Adam Film World Guides in 1982: From Mormon to Mammon

Adam Film World Guides in 1982: From Mormon to Mammon

In 1982 the prolific Knight Publishing company released the four of a series of specialty titles under the name ‘Adam Film World Guide.’ Explaining why Knight decided to publish the guides, and the challenge it faced in doing so, the editors stated:

There are such a tremendous number of sex films and tapes on the market that it was a mind-boggling act to try and sort them out in some intelligent and orderly fashion… Obviously we can’t cover everything for everyone, but we can try to give an overview of the entire industry… The following pages are intended as a guide for all indulgent hedonists beginning their collections or rounding out their existing selections of X-rated films.
The Editors

So who were those editors? There were five names listed on the masthead of the first issue. But in truth one man was almost solely responsible for these new guides – and that man was Kent Smith.

In this Rialto Report, we share the story of Kent Smith (aka James Avalon) and the birth of the Adam Film World Guides. Kent started in the Mormon church, and eventually became a successful director of XXX films, editing films for Greg Dark along the way.

We are also re-publishing digitized issues of all four of the publication’s issues from 1982.

You can find The Rialto Report‘s ever growing library of digitized resources by clicking Library in the menu.

Click on the covers below to access the full magazines. Due to the fact that the magazines are scanned in high definition, allow a little time for each page to load. If you are viewing on a phone, view in landscape orientation.

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Kent Smith’s Story

Where did you grow up?

I was born near the North Shore of Hawaii, and raised in the LDS church (aka The Church of Jesus Christ of Latter-day Saints, often informally known as the LDS Church or Mormon Church.) There was a Brigham Young University extension in Hawaii and my dad worked there as a professor.

BYU HawaiiBrigham Young University, Hawaii

Was being brought up Mormon meaningful to you?

Put it this way – when I was a young man in the early 1970s, I went on a Mormon mission to France. So yes, it was a big part of who I was.

While there, I met a guy who was a real film buff. We wound up watching a lot of movies together, and I fell in love with the art of cinema. I’d been into photography a little bit, not anything huge. But when it came to film, I grew more and more intrigued. I started paying close attention to all kinds of details, from the story side to the technical elements.

I decided I wanted to become a Mormon filmmaker and make a grand, epic movie in the style of Lawrence of Arabia, based on stories from the Book of Mormon. So, when I came back to the States, I went to Brigham Young University and enrolled in their filmmaking and production program. I also took classes in writing, and directed some stage plays for the theater department.

Kent SmithKent (bottom right) earning his film chops

What did you do after you graduated?

When I graduated in about 1974 or ’75, I worked briefly for the school’s production company which made Mormon publicity and propaganda films. But they couldn’t afford to keep me on so I became an instructor in the photography lab. I also did some work with the Southern Oregon Light Opera Company, serving as a production manager.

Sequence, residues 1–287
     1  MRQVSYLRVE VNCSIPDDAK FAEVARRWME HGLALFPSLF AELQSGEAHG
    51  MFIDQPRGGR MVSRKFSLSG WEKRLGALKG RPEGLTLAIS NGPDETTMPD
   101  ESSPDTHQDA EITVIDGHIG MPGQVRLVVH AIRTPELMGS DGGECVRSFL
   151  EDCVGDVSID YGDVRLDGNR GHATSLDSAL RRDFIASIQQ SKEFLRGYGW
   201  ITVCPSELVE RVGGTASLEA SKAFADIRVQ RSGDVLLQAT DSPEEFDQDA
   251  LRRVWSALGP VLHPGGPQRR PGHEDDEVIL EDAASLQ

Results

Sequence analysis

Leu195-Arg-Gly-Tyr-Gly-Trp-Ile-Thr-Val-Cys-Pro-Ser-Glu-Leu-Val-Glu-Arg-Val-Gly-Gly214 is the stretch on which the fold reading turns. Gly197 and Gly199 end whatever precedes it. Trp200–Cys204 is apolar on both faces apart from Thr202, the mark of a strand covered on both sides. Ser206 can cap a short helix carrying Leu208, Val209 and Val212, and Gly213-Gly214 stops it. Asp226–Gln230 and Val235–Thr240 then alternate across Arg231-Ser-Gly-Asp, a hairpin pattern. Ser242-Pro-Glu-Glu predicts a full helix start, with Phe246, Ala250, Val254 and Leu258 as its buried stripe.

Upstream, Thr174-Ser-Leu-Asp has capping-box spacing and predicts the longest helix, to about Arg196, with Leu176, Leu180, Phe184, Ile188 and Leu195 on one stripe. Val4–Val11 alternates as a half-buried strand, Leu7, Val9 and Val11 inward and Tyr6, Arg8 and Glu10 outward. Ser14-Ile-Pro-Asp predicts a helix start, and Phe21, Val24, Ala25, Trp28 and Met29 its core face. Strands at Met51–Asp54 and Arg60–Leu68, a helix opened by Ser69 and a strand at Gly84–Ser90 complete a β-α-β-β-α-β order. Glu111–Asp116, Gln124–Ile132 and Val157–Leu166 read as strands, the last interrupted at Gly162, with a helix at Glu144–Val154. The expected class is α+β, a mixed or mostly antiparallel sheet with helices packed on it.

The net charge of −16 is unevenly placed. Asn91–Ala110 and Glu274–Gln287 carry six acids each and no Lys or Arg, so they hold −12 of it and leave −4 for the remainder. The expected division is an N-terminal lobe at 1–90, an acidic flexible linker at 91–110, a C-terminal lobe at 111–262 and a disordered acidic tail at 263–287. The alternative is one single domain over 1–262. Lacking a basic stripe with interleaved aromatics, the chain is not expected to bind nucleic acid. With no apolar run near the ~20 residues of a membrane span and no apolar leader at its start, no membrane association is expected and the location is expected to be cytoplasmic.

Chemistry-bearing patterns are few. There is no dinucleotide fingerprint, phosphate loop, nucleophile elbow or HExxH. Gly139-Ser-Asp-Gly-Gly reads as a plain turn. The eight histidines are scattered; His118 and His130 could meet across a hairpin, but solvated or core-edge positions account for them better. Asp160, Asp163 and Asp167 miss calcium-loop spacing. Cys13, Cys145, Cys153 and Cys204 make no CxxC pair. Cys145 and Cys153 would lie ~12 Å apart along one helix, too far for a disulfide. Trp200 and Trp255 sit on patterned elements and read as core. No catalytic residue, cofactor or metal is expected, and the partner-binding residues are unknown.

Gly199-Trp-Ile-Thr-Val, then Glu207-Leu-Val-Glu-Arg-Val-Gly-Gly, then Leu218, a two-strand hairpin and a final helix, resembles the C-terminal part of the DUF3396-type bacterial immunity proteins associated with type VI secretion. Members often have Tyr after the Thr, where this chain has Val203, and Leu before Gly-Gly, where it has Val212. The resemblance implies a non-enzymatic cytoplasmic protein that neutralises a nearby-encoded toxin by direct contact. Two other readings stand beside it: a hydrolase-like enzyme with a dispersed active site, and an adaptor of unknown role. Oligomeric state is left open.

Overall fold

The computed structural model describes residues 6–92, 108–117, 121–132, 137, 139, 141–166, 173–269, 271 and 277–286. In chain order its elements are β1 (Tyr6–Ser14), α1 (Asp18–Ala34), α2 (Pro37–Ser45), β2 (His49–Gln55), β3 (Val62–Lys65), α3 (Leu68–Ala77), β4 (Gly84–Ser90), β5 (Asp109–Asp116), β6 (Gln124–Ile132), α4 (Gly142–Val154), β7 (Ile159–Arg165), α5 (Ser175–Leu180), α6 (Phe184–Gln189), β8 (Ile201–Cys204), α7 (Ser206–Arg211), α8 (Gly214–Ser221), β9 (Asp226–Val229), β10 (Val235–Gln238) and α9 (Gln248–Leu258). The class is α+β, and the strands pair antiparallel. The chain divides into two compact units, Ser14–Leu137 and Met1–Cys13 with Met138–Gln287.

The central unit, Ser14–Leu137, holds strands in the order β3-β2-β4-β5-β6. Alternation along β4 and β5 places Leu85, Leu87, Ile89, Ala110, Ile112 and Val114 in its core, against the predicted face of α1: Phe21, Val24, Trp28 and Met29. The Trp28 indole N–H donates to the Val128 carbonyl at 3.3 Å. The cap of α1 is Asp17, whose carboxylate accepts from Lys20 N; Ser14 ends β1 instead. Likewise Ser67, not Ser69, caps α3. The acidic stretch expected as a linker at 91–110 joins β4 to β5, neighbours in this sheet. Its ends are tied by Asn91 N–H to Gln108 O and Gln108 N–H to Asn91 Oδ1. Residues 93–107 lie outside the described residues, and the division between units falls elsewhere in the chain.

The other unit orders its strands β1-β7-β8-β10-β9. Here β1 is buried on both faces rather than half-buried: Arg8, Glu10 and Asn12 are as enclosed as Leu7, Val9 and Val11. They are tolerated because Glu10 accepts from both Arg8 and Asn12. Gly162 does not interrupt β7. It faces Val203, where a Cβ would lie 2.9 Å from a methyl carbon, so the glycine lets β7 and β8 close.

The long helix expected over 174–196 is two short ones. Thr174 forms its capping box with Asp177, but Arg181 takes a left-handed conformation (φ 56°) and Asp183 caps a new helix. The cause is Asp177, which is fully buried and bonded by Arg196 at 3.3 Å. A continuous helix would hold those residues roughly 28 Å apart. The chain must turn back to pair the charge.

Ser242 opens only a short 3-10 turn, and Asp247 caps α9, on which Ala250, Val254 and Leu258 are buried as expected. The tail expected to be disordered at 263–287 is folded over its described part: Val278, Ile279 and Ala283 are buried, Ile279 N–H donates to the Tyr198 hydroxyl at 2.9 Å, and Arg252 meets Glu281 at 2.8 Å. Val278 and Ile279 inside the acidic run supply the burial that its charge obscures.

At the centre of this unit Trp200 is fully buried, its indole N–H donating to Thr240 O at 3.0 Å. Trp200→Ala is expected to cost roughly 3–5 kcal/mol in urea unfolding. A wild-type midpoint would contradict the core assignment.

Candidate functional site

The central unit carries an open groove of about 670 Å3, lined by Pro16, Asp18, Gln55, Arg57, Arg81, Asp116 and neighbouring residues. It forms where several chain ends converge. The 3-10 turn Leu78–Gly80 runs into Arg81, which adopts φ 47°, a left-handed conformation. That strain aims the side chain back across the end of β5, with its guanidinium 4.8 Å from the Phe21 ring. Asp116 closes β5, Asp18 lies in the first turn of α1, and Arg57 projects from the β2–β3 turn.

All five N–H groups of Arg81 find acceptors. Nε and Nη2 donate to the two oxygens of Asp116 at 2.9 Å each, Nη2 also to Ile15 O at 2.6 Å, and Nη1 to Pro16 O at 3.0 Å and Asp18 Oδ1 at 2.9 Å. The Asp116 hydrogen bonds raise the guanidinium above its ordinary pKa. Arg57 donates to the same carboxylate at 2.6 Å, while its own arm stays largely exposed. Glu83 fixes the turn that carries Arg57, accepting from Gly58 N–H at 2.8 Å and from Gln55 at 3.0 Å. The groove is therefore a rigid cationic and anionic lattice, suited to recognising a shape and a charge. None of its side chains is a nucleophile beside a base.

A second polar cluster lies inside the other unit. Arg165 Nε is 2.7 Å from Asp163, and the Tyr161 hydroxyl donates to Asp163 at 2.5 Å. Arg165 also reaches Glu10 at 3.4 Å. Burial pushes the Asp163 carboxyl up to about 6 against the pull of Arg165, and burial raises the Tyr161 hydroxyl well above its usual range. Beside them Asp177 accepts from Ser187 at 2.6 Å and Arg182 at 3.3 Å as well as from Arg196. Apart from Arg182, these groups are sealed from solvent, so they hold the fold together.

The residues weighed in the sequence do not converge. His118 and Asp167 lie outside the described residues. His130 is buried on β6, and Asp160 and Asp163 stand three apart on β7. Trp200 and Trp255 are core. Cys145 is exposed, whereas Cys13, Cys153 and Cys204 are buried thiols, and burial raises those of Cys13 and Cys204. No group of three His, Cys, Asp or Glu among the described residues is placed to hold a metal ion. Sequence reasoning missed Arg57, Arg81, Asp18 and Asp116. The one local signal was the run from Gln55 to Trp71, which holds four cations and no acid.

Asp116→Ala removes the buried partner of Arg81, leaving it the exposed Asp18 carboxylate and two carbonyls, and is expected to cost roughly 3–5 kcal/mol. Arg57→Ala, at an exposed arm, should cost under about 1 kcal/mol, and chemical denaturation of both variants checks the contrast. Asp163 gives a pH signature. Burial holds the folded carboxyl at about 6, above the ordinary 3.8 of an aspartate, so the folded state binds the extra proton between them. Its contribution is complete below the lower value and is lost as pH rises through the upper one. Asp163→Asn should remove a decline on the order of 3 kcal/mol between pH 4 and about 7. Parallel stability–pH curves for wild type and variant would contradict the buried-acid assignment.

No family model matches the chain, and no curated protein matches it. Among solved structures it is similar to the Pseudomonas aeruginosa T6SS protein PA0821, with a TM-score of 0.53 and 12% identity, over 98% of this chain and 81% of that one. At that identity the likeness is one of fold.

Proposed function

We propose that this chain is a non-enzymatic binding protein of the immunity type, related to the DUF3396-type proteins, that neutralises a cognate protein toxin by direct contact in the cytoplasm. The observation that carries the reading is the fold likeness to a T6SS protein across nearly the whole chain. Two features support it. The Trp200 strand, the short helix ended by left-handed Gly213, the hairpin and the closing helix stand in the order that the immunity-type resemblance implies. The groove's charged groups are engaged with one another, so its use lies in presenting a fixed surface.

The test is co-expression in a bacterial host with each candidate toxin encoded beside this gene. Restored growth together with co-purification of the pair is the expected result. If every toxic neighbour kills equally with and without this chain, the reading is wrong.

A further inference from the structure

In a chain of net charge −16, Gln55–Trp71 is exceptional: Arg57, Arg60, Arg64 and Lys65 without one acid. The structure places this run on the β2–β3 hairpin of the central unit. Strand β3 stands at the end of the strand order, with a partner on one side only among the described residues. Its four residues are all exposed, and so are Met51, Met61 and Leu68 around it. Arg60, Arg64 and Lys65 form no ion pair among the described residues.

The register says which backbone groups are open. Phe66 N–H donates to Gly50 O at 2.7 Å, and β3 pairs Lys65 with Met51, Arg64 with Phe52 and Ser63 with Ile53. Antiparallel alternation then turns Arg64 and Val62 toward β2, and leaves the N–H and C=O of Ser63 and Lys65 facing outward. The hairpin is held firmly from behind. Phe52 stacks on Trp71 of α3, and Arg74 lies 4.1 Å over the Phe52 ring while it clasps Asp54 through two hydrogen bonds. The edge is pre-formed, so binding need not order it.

Kent SmithKent behind the camera

And your love of cinema?

Well, I started taking out a Bolex camera from the University and finagled a bit of money from people for film, which was really expensive. I wasn’t great at lighting and other technical aspects of production but I was a really good editor. I told visual stories with movies in the same way that I wrote.

Was your plan to still make Mormon epics?

Around this time, I started to question my Mormon faith. The church just seemed so corporate – it was all about money. And if anybody criticized LDS, the church would make sure that opinion got buried.

I started dating a hippie girl who wasn’t part of the church. She was heading to San Francisco so I decided to follow her there. After a short while, the relationship had run its course so I continued down to Los Angeles.

Kent SmithKent at the editing bay

How did you get by in L.A.?

To make money, I was doing headshots for actors. My dad had a friend who knew a producer at Universal so I started writing spec scripts and asking this guy to submit them on my behalf. I really wanted to become a writer on Welcome Back, Kotter because I had a friend with a small reoccurring role on that show. I never sold anything but my actor friend told me that one story line they wound up doing was suspiciously close to a script I submitted… That was a wake-up call to how Hollywood works.

How did you come into contact with the world of men’s magazines?

I became friendly with an actor who came to me for headshots. He had a side job as an assistant editor at a publishing company to help pay the rent while he went on auditions. The company was called ‘8060’ because it was located at 8060 Melrose in Los Angeles. One of their companies was Knight Publishing – which had titles like Adam Magazine.

Early on they’d also put out sci-fi magazines and books, publishing a number of noted authors like Robert Heinlein and Steven King, who once published a story in Adam magazine when he was struggling for money. They also published Bill Rotsler’s sci-fi writings before he also moved into writing for men’s magazines.

I also made friends with someone who worked at a film equipment rental place. He told me that a guy named Paul Vatelli, who shot for a production company called Caballero came in to rent a lot, was looking for someone to take stills on the film sets. My friend thought of me because in addition to the headshots, I’d started shooting for a fly-by-night mainstream magazine called Golden West.

 

So you started shooting stills for Caballero?

Yes, I connected with Paul and he explained what he was looking for. He told me he’d supply the camera and the film and pay me $250 cash at the end of the day. That was good money so I said yes.